Qantas to cut 1,000 jobs amid 'immense' challenges
This file photo taken on April 22, 2013 shows the tail of a Qantas Airline Airbus A380 at Sydney Airport
Chief executive Alan Joyce said conditions had seen a "marked" deterioration and the airline was battling "extraordinary circumstances" including record fuel costs, a strong Australian dollar and fierce competition from subsidised rivals.
The news sent Qantas shares into freefall, with the stock plunging as much as 17 percent to 99.5 cents before regaining ground to close 10.79 percent lower at Aus$1.075.
"The challenges we now face are immense," Joyce said in an update to the Australian stock exchange.
"Since the global financial crisis, Qantas has confronted a fiercely difficult operating environment -- including the strong Australian dollar and record jet fuel costs, which have exacerbated Qantas' high cost base," he added.
"The Australian international market is the toughest anywhere in the world."
Ratings agency Moody's put the airline's investment-grade Baa credit rating on review for a potential downgrade, saying the forecast conditions were "outside the rating expectation".
"In the absence of countermeasures, the challenging operating conditions may therefore result in Qantas' credit profile no longer being consistent with the current ratings," said Moody's vice president Arnon Musiker.
Qantas was optimistic it had turned a corner after signing a major partnership with Dubai-based Emirates and reversing its 2012 annual loss -- the first since privatisation -- with a modest Aus$5 million full-year profit announced in August.
But Thursday's announcement shows it is still facing significant headwinds.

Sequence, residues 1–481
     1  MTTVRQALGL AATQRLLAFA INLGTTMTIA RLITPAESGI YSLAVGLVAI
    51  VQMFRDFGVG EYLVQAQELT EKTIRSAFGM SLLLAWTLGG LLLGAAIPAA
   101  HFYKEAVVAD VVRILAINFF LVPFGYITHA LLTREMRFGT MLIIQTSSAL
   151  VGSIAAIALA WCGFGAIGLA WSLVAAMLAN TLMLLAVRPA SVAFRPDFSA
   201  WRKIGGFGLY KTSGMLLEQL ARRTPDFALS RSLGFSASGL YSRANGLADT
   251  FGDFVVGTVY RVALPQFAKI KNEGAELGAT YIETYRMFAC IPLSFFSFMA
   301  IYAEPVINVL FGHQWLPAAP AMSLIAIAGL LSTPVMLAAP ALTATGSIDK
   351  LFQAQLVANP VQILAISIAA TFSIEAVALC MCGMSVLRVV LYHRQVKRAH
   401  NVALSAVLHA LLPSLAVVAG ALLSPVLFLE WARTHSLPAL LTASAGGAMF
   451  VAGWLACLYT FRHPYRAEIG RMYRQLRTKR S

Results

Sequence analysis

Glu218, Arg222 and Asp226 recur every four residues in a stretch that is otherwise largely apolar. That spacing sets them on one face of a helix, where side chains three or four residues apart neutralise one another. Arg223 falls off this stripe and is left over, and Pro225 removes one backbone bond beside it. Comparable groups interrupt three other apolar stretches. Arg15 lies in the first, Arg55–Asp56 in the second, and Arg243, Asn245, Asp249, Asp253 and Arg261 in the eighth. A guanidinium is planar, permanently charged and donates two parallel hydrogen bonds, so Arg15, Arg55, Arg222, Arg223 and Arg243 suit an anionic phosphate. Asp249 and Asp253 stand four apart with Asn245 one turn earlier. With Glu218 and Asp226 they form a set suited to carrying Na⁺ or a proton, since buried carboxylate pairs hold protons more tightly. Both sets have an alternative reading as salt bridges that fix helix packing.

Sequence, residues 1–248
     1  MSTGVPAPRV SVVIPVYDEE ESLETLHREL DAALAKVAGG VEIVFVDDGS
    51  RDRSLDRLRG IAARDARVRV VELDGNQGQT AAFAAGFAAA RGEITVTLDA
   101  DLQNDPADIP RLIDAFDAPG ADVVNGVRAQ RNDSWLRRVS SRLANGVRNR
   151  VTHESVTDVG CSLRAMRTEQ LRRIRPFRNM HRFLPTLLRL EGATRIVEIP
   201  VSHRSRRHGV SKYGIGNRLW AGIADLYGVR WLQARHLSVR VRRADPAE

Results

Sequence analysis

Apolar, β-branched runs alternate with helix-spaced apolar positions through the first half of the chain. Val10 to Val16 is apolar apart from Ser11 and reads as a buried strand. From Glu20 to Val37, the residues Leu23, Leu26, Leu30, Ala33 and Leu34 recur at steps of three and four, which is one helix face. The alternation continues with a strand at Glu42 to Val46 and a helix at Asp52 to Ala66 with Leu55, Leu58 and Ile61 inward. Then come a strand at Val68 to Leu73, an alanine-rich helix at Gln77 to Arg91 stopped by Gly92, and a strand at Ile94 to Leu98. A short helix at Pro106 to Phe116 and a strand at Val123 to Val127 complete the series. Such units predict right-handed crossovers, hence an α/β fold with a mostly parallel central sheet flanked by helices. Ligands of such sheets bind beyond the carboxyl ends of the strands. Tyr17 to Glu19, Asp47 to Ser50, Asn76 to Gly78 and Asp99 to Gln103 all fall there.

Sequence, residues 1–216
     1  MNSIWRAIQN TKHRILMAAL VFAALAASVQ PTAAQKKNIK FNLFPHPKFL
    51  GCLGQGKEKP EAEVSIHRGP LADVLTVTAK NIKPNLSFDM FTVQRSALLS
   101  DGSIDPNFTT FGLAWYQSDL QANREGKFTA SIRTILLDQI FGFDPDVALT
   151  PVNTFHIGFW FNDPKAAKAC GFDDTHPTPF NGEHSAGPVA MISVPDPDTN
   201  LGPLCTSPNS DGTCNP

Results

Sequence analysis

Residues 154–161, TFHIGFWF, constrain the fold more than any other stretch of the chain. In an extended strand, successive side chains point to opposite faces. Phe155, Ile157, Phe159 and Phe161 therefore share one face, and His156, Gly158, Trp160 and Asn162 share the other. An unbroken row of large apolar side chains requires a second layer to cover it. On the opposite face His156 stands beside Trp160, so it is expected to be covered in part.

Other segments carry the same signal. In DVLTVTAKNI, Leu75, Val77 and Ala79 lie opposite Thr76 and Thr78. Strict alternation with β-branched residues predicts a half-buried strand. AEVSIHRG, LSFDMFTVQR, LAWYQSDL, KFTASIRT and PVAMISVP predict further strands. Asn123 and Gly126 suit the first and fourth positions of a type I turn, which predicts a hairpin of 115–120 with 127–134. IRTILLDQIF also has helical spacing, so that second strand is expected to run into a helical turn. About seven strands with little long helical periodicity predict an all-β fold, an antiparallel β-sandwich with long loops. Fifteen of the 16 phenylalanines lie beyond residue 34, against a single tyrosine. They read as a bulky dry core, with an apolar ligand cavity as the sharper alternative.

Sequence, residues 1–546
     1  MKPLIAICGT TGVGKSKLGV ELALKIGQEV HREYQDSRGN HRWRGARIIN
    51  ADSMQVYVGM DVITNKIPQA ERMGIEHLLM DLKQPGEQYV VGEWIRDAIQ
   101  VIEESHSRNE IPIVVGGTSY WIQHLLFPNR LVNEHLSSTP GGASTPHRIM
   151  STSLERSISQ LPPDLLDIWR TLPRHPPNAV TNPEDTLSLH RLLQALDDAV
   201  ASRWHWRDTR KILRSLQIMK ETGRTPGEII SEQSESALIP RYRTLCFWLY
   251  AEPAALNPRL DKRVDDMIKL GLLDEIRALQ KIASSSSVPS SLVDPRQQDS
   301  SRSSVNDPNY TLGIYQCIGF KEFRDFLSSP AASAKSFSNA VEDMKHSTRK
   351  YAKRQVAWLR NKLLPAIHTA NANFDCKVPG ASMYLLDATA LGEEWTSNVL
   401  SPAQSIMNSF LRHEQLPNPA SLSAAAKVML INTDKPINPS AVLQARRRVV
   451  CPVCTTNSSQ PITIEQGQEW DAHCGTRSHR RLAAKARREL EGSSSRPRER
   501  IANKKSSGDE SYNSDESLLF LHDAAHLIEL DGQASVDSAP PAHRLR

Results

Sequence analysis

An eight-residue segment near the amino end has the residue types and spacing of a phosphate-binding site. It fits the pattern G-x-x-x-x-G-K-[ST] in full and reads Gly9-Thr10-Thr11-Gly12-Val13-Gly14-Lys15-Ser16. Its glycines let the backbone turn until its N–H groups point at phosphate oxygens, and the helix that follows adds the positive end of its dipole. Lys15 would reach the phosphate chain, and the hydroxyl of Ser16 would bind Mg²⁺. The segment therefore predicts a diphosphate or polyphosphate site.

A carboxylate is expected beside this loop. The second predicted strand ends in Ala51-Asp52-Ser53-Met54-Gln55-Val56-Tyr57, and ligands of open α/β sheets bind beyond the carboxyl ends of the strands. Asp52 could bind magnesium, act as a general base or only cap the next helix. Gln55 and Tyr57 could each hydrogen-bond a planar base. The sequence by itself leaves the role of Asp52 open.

Joyce said Qantas expected to report a loss before tax in the six months to December 31 of Aus$250-$300 million, with passenger loads slipping significantly in November as increased competition drove down the carrier's market share.
Fuel costs for the half-year were Aus$2.27 billion -- Aus$88 million higher than in the second half of 2012.
"Urgent" action was needed to salvage the Flying Kangaroo's profitability, Joyce said, including the sacking of "at least 1,000" staff, a 38 percent cut in his own pay and that of the Qantas board, a review of spending with top suppliers and a salary and bonus freeze.
"We have reduced the group's unit costs, excluding fuel, by a total of 19 percent since FY09, including by five percent in FY13. But these actions are not enough to deal with the current situation," he said.
The airline will undertake a structural review, to report back in February, prompting speculation a sell-off of its Jetstar assets in Asia could be on the cards.
"All options are on the table in terms of the structural review, we're not ruling anything in or anything out," Joyce said when asked about potential divestments.
He added that Qantas was "in dialogue with the government on a number of different options" as he continues lobbying for the easing of foreign investment restrictions or state intervention to shore up the carrier.
Under the Qantas Sale Act, dating from 1995 when the airline was privatised, foreign ownership in the national carrier is limited to 49 percent. Joyce wants that reconsidered in the face of what he described as "unprecedented distortion" by foreign backers of the Australian market.
"Our competitors in the international market, almost all owned or generously supported by their governments, have increased capacity to pursue Australian dollar profits, changing the shape of the market permanently," the Qantas chief said.
He again took aim at domestic rival Virgin Australia, which is now majority owned by state-backed Singapore Airlines, Air New Zealand and Etihad, accusing it of a deliberate "strategy to weaken Qantas in the domestic market" with cheap seats underwritten by foreign cash injections.
"Essentially what's happened is three state-owned entities have gotten, through the back door, access to Australian traffic rights," he said.
Joyce has been locked in a bitter war of words with Virgin in recent weeks over what he has described as "predatory" behaviour by his rivals.
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